I should say at the outset that I have no intention to take this to the “next level.” I am a happy ecumenical Protestant who has zero interest in jumping onto the Vatican bandwagon. I say this to stress that I am not advocating the officialization of the celebration of saints and their pets into the life of the Church. I think the Church does best and remains most faithful to the Holy Scriptures when she sticks to Jesus and his life and its effects in the world. Keep it simple students!

With that in mind, here are ten reasons I think evangelicals should celebrate the Church Calendar:

First, for those of us in the Reformed tradition, we should note that there is precedent for such observance. For instance, the Second Helvetic Confession of 1566 states (XXIV):

“Moreover, if the churches do religiously celebrate the memory of the Lord’s Nativity, Circumcision, Passion, Resurrection, and of his Ascension into heaven, and the sending of the    Holy Spirit upon his disciples, according to Christian liberty, we do very well approve of it.”

The continental Reformers differed with our Scottish brothers on these issues. Celebrating the Church Calendar can be unmistakably reformational.

Second, the Church Calendar helps us to see the world through the life of Messiah Jesus. We live in an era where political messiahs come and go. One way to de-emphasize the politics of man is to proclaim the politics of heaven. We do this most beautifully by following the Church Calendar and teaching our people and the nations about the only true Lord.

Third, the Church Calendar can serve to differentiate God’s time from the world’s time. Christians ought to give the question “What time is it?” a fundamentally different answer. It may be 9:22AM central time as I write these words, but the Christian knows that it’s 9:22AM in God’s world. God controls time, and he also orders time, and he has chosen Jesus (Hebrews 1) to speak. We redeem time most Christianly when Jesus is the center of it.

Fourth, some may ask: “Isn’t Jesus always proclaimed whether we celebrate Epiphany or not?” Of course He is. And I do not doubt the motives of many who do not follow the Church Calendar. My response, however, is that we can’t say everything about Jesus all the time, which is why we need to walk through his life and give emphasis to different portions of his life so that God’s people can know that Easter is not complete without an Ascension Sunday. Celebrating the Church Calendar helps us to understand the total Christ and his total life.

Fifth, celebrating the Church Calendar gives us parents beautiful ways to catechize our children with Jesus. Our children’s ABCs need to be Christocentric. They need to know that life only makes sense because Jesus has come for us. Numbers, letters, and playtime are taught best when Jesus rules supremely in the catechism of the home. Children love stories. Story-telling is fundamentally the role of the Calendar. The Calendar helps our kids to be formed by right chronological habits. It helps our children to know we are part of a larger story.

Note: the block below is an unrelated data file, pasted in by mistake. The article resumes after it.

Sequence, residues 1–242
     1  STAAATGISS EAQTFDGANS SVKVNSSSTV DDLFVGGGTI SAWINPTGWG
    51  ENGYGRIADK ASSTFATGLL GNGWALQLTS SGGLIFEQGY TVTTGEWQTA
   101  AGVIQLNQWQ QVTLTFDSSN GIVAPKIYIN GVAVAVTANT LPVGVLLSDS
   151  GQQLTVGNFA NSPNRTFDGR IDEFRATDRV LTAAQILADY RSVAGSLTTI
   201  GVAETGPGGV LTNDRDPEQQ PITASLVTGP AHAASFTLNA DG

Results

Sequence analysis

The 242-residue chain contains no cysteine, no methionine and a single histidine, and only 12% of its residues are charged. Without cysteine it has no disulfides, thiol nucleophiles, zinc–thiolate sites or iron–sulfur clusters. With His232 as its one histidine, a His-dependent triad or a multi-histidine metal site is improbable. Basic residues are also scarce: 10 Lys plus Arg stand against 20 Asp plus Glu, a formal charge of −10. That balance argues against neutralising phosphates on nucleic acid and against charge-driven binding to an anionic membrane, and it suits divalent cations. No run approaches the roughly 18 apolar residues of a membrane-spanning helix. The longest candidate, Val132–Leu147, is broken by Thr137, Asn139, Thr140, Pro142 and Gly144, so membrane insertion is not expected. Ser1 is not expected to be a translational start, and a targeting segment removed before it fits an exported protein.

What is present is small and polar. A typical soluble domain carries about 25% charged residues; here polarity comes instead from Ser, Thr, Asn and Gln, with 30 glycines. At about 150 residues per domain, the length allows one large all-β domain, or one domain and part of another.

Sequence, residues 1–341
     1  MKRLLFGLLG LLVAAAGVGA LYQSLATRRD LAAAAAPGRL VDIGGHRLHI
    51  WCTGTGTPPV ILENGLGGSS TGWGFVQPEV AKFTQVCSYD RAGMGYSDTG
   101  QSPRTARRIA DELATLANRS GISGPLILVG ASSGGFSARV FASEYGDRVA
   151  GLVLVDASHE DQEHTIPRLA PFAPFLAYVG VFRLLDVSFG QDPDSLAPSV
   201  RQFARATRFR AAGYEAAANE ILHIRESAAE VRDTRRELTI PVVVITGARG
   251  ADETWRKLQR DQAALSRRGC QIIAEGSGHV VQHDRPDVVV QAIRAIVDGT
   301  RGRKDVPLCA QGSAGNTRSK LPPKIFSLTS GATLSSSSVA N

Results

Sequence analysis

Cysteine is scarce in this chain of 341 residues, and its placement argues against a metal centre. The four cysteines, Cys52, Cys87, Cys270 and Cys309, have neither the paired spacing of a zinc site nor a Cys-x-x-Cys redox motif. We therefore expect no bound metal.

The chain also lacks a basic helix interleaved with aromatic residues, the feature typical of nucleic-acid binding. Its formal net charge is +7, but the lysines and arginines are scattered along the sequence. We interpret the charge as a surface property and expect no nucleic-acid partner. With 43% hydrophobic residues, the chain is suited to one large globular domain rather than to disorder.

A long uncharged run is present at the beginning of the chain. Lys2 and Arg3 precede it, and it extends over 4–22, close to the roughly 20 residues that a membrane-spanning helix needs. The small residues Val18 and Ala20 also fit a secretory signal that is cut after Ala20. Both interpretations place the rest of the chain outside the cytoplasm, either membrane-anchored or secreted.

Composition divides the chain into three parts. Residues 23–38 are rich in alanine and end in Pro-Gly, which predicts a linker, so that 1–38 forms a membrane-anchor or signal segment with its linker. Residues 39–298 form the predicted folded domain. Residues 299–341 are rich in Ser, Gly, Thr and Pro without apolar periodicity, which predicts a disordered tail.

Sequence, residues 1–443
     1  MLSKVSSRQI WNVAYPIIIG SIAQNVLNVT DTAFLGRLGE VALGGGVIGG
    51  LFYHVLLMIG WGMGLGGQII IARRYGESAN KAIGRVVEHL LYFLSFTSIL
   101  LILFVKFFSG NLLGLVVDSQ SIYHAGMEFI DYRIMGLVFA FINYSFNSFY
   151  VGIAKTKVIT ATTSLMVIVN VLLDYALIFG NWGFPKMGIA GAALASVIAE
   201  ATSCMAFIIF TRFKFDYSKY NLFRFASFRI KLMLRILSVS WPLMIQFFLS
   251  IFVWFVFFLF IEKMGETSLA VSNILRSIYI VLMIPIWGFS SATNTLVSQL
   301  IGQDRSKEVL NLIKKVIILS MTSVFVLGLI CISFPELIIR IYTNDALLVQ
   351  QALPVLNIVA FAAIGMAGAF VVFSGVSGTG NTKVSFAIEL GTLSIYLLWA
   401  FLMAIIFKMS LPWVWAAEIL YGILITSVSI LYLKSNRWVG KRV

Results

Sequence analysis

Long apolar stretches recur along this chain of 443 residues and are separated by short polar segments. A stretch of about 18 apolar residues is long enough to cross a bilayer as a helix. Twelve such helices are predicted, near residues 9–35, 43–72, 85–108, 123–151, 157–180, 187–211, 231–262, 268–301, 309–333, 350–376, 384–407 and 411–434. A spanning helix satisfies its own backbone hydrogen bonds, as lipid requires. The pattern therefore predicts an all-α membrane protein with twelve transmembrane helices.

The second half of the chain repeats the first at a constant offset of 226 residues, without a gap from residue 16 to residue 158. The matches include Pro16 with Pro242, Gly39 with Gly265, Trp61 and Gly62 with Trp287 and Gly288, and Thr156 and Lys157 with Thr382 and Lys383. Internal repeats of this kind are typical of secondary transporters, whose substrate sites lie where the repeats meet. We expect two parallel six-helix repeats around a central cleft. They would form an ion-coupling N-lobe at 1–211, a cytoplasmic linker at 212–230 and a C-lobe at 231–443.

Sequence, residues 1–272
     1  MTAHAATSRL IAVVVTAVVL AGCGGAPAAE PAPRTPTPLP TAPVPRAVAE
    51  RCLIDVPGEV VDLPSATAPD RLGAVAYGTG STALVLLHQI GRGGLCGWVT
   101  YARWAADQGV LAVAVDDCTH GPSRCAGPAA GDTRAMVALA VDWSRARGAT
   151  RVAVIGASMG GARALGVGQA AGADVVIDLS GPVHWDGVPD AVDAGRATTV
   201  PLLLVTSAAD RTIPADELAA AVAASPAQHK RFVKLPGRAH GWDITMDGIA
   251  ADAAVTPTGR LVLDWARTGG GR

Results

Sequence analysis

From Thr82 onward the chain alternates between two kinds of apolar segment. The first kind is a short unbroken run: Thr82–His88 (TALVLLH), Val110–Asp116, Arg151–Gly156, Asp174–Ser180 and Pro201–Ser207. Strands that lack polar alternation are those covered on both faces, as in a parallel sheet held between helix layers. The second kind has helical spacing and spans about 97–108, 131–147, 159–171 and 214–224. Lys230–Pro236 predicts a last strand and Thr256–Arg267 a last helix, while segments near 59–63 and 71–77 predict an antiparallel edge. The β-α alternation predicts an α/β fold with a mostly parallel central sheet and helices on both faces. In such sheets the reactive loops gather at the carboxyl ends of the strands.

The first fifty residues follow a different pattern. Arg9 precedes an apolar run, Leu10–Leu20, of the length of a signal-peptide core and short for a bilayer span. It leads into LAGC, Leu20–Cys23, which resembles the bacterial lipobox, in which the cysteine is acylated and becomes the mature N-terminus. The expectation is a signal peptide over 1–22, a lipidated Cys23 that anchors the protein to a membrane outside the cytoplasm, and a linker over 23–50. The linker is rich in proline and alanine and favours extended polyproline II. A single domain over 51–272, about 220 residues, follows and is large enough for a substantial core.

Sixth, celebrating the Church Calendar is useful for counseling. Calendar use is helpful to those who grieve. The Church Calendar most accurately reflects the eclectic nature of the Psalmist who laments, rejoices, and prays. Many who grieve may be a part of a community that is strict, abstract, and heavily theological. While good exegesis is good for the soul and while good systematic theology cheers the mind, a three-year series through I Corinthians can frustrate the broken-hearted. Walk the broken through the Calendar, and she will understand that Easter comes after Lent; that joy comes after sorrow. On the other hand, we can use the Calendar to teach the over-realized optimist that we need to set periods of time to focus on grieving and confessing our sins to the Lord of Calvary.

Seventh, celebrating the Church Calendar gives us an opportunity to add colors to the Church. The Christian faith is true and good, but it is also beautiful. This may seem like a minor point, but colors add to the brilliance of Church life. The Bible loves colors. It shows the favor of God (Gen. 37:3). The Church Calendar glorifies natural colors and gives them greater meaning.

Eighth, celebrating the Church Calendar gives us something to talk about. You can’t speak of the Advent Wreath without talking about hope, joy, love, and peace. The Church Calendar helps us to focus on those Christian virtues that form us as a community.

Ninth, celebrating the Church Calendar also encourages our children, friends, and unbelievers to ask questions about the faith. Why are there forty days in Lent? Why are there 12 days in Christmas? Why is purple the color of Lent? When questions arise, we draw people to the text where questions are answered and Jesus is revealed.

Finally, celebrating the Church Calendar gives us a big gospel. We are an expectant people. We no longer wait for a Messiah, but we expect the Messiah to come again and again into our lives to disperse the gloomy clouds of night and death’s dark shadows put to flight. We need the Calendar because we lose sight of what’s important. We need the Calendar because the Gospel is too big and our Lord too mighty. The Calendar focuses our attention carefully, chronologically, and conscientiously through the work of Jesus and what that work means for us and the world.

Read more